Catching Bagels

It’s probably happened to most of us. You’re out somewhere, it could be at work, a museum, a park or anywhere else, and someone walks over and throws you a bagel. If you’re lucky it isn’t frozen. Well, I’m not really talking about that kind of a bagel. “Being Bageled” is a phrase that, while not coined by him, is becoming popularized by Rabbi Mordechai Becher. It’s basically when a person who is not visually identifiable as being Jewish (at least in their own eyes) says something to you so that you know that they too are Jewish.

Example: I was sitting at a real estate closing when the buyer walked in with 4-5 additional family members. The buyer’s attorney turned to me and whispered “Oy, they brought the gantza mishpachah!”

Rabbi Becher tells a hilarious Bagel story. He was traveling in Budapest when a couple of tourists approached him and asked how to find a certain marketplace. Rabbi Becher pointed the way and one of the tourists said “Thanks a lot. You know what, we’ve been wandering around for a while, we wouldn’t want to be wandering around for forty years like last time!”

Why do people bagel? Is it because they are looking for commonality? Friendship? Something else? How do you respond to a bagel? A shmear and some lox? A discussion of where the person is from? Something else? Rabbi Becher says that being bageled is siyata deshmaya (divine providence) but how we react to the bagel is part of our “free will” and can often be quite critical. Anybody out there have a good bagel story or some good insights on the bagel phenomenon?

Originally Post May 15th 2008

12 comments on “Catching Bagels

  1. Isn’t bageling a kin of Jewish Geography? Does every ethnic group have this need to find a common denominator? Like my cousin’s in-laws who went to the country with your neighbors cousins? I think, from what I’m told by my coworkers, that people from India also play this game a lot.

  2. As the person who “coined” the term “bagel theory” and “bageling” I am so glad it is getting so much “play” and am happy that it makes people think and perhaps allows them to be better people and to come closer with Hashem.

  3. I think the bageling phenomenon has to do with wanting not to feel isolated as a Jew. I bet most of these bagel stories take place in areas with very few, if any, Jews around.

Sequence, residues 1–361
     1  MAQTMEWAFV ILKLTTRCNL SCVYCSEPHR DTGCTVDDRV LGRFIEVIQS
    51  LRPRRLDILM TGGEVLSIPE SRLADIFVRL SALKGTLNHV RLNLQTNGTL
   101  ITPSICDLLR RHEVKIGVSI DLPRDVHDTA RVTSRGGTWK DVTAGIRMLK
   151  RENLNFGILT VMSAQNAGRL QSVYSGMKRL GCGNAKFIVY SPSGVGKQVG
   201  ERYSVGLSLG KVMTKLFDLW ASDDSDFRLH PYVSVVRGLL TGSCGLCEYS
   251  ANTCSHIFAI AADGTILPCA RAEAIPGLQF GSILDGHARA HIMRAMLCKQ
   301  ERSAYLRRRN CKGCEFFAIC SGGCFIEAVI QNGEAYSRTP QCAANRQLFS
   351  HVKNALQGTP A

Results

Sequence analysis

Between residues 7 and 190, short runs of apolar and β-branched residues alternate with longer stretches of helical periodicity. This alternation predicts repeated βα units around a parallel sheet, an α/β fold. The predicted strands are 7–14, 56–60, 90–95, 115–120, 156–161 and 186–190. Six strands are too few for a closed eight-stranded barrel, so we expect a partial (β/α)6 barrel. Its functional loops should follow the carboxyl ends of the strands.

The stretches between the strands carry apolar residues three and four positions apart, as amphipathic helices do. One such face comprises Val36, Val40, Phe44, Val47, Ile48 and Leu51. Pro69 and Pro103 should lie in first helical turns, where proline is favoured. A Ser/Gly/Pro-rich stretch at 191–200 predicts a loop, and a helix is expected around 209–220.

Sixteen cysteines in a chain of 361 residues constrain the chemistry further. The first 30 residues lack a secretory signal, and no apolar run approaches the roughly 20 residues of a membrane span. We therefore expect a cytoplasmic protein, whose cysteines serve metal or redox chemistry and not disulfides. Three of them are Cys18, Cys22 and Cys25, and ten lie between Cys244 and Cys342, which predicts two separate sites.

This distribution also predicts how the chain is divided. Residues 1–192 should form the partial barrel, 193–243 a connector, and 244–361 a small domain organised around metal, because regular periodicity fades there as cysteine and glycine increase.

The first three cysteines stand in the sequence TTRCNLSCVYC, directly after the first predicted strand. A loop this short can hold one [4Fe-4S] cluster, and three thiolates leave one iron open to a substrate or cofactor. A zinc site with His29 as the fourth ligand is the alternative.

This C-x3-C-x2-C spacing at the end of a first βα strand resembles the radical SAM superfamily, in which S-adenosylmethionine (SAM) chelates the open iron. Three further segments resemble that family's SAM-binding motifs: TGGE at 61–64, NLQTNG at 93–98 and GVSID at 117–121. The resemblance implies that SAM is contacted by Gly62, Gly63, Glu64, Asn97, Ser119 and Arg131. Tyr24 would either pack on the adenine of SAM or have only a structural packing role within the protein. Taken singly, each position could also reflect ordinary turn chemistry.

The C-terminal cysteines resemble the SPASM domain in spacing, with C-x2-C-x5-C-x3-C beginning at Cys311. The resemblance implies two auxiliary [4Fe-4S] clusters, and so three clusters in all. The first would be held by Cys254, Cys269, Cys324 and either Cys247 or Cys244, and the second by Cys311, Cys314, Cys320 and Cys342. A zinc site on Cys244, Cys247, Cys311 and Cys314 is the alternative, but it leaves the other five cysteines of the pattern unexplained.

Ehh, I don’t think there is any correlation between size of the Jewish community and frequency of bageling. I live in the LA area, the second largest Jewish community in the U.S. and I often feel compelled to let someone I know is Jewish that I am Jewish too. Likewise, people do the same to me. Even in a large Jewish community, it is readily apparent that Jews are a tiny minority.

    I actually think that the larger the Jewish community, the more bageling occurs, because there is more opportunity and the bageler thinks that there is a higher liklihood that the bagelee is Jewish.

  4. Actually, I am usually the bagel-or rather than the bagel-ee.

    I don’t wear what my [modern Orthodox] rabbi calls ‘the uniform’, so whenever I visit a more frummy neighborhood for a shiur or for kosher shopping I will sometimes approach, well, what we call ‘black-hats’ to ask directions, or, say, “Where do you find Pesach mayonnaise around here?”

  5. I find it sometimes happens when walking to shul on Shabbos.(for example, by someone putting something in their trunk or jogging by) It is usually the “Shabbat Shalom” greeting but it has taken on other iterations. If it is on the way back, I have sometimes tried to get them for the meal (not the joggers) but never successful so far.

    PS We mostly have Lender’s here so they only hold so much cream cheese.

  6. While it’s probably likely that bageling is more prominent in areas that have a smaller Jewish population, it’s certainly not limited to those areas. I’ve been bageled numerous times in the heart of New York City!

  7. I think the bageling phenomenon has to do with wanting not to feel isolated as a Jew. I bet most of these bagel stories take place in areas with very few, if any, Jews around. No matter how assimilated most Jews are, there’s something about being out in Hotzaplotz and no Jews in sight. When a easily identified frummie shows up, we’re a welcome connection to the tribe. We Jews know we’re not ever going to be winners of any popularity contests. And there’s safety in numbers.
    In my 12 Step meetings I’ve occasionally brought up issues related to my being Jewish. You’d be amazed at how many Jews suddenly crawl out of the woodwork after the meeting, glad not to be the only Jew in the room (I’m pretty glad, myself). My dad was always on the lookout for Jews wherever he went, and was always concerned about someone making negative associations with Jews. I remember in 1980 when someone attempted to assassinate the pope, my dad’s immediate comment was, “I sure hope the guy wasn’t Jewish (and I don’t think he was referring to the pope, either).”

  8. This post made me laugh. I have a lot of stories, but of course none are coming to mind at the moment. Also, sometimes I dont think people even realize they are bageling… My husband had a coworker, who was a self-proclaimed Christian… And she made a comment like “I love Jews, I think there are even some in my extended family, my mother’s mother was Jewish”

Comments are closed.